As mentioned, the light strip was self-adhesive and attached easily to the back side of my wooden frame.  Although the strip could be shortened to length, I chose to wrap the whole 5 meters of it around the frame giving me almost 3 full laps of lighting power behind the screen.  For additional durability, I finished the job with a few staples on the corners and along the sides where the lights could come loose with time.  The kit set us back 15 euros at our local ACTION store, but you could find similar LED-strips either at a homeware store or online.  This model came with a dimmer and a remote controller which is a pretty nifty detail, especially as we both are proper lazy, but most importantly, so that I could hide the manual control panel, similar to those on common Christmas lights, permanently on the back of the frame.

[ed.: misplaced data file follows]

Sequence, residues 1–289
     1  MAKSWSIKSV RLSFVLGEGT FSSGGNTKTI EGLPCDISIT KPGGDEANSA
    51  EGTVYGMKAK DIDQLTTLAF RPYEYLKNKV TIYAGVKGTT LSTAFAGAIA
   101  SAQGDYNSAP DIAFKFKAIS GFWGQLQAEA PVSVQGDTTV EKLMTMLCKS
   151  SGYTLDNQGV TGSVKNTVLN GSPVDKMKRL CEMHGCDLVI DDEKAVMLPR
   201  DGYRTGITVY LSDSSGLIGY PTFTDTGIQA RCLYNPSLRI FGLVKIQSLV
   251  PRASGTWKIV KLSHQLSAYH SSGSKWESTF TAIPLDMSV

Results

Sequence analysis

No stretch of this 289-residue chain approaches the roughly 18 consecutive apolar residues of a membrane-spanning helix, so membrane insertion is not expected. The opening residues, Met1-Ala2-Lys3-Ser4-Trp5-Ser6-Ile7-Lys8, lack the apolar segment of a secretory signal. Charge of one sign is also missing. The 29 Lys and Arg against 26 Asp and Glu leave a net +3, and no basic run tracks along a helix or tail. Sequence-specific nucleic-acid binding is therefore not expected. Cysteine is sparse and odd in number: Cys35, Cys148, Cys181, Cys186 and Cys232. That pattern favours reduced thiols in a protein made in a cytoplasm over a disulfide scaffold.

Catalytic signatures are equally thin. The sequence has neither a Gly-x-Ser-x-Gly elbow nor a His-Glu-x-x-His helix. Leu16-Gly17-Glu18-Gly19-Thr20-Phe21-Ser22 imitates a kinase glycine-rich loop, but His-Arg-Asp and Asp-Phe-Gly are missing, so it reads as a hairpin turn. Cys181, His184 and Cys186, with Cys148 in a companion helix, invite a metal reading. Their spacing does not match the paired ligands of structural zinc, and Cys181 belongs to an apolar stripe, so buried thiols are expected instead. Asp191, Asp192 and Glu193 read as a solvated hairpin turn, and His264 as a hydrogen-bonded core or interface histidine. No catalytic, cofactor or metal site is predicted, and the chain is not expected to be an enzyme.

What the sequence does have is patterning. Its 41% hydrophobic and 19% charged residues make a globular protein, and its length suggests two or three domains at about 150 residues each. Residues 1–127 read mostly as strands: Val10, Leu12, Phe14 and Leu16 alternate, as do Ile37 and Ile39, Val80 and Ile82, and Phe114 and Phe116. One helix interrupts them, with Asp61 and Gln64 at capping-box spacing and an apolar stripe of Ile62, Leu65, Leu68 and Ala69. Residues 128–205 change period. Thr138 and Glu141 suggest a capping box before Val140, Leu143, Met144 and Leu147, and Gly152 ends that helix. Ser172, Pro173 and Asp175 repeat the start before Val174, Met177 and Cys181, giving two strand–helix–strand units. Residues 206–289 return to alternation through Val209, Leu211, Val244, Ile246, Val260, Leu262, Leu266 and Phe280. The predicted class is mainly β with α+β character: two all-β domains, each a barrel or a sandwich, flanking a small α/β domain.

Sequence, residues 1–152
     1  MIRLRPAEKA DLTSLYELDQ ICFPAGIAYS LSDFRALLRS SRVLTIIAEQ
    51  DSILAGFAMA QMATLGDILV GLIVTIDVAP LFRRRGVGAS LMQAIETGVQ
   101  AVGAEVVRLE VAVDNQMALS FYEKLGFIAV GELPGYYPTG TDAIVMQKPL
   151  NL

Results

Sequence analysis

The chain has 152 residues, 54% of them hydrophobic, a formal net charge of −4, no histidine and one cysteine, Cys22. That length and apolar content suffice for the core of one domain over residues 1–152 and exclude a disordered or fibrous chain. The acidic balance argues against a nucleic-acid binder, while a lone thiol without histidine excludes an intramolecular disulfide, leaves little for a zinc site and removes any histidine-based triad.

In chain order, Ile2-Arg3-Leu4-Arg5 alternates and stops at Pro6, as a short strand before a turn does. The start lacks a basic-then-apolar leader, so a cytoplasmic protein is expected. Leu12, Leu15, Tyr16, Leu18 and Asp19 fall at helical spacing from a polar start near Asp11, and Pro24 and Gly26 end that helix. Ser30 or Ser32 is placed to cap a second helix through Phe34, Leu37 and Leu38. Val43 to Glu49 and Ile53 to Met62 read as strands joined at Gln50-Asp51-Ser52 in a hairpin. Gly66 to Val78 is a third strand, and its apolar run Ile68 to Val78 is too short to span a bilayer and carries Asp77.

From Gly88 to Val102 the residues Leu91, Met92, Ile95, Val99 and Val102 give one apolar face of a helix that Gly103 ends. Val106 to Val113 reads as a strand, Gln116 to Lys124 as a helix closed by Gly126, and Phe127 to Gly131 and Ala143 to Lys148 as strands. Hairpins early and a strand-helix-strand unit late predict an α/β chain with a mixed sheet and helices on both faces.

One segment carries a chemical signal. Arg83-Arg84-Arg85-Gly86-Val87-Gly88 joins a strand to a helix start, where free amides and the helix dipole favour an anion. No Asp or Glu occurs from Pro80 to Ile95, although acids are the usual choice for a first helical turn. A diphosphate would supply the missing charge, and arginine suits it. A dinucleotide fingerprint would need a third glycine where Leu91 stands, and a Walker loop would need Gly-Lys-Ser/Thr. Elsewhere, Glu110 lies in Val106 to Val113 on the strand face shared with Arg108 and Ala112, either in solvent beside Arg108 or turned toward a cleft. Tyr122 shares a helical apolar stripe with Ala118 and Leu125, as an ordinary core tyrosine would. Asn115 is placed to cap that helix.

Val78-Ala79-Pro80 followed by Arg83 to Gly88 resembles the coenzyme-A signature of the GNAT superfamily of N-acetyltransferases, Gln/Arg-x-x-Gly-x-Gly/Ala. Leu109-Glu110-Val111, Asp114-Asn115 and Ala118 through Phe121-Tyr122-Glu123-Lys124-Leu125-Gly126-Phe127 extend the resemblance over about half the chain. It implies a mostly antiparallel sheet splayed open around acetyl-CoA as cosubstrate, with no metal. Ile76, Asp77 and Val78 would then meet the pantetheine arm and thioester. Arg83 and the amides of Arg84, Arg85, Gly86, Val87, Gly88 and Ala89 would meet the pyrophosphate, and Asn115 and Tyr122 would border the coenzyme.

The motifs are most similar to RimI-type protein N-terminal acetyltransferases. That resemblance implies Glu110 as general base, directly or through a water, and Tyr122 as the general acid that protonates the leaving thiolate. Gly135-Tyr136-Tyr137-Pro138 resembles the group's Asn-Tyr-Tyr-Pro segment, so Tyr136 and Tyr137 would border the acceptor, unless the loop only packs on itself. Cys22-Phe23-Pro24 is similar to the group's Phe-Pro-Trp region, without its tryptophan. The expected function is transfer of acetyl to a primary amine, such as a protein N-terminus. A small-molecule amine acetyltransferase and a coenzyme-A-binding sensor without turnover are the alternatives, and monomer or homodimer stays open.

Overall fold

The light box comes with a remote dimmer and an off switch – lazy sleepers dream!
I am aware that printing screens are not that common to come by when searching for materials for your own lightbox, but a wooden frame covered with a loosely knit fabric such as lace would look pretty amazing too.  Holiday lights can be used as a substitute for the adhesive strip that I chose to use, but make sure you stick with the LED’s – old style bulbs, although tiny, heat up and can be a dangerous when installed too close to fabrics. 

 

Happy crafting! 

My Modular Kitchen

 3eac6-my2bmodular2bkitchen